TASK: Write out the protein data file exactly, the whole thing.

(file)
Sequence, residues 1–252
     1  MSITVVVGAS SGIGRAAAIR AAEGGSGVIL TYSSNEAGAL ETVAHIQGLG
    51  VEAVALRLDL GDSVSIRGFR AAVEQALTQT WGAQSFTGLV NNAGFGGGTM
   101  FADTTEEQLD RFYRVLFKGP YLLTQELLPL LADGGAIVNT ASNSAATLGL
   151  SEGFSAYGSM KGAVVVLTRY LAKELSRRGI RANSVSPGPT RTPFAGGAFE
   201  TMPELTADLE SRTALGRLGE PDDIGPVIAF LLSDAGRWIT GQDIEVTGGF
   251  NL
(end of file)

Sequence, residues 1–252
     1  MSITVVVGAS SGIGRAAAIR AAEGGSGVIL TYSSNEAGAL ETVAHIQGLG
    51  VEAVALRLDL GDSVSIRGFR AAVEQALTQT WGAQSFTGLV NNAGFGGGTM
   101  FADTTEEQLD RFYRVLFKGP YLLTQELLPL LADGGAIVNT ASNSAATLGL
   151  SEGFSAYGSM KGAVVVLTRY LAKELSRRGI RANSVSPGPT RTPFAGGAFE
   201  TMPELTADLE SRTALGRLGE PDDIGPVIAF LLSDAGRWIT GQDIEVTGGF
   251  NL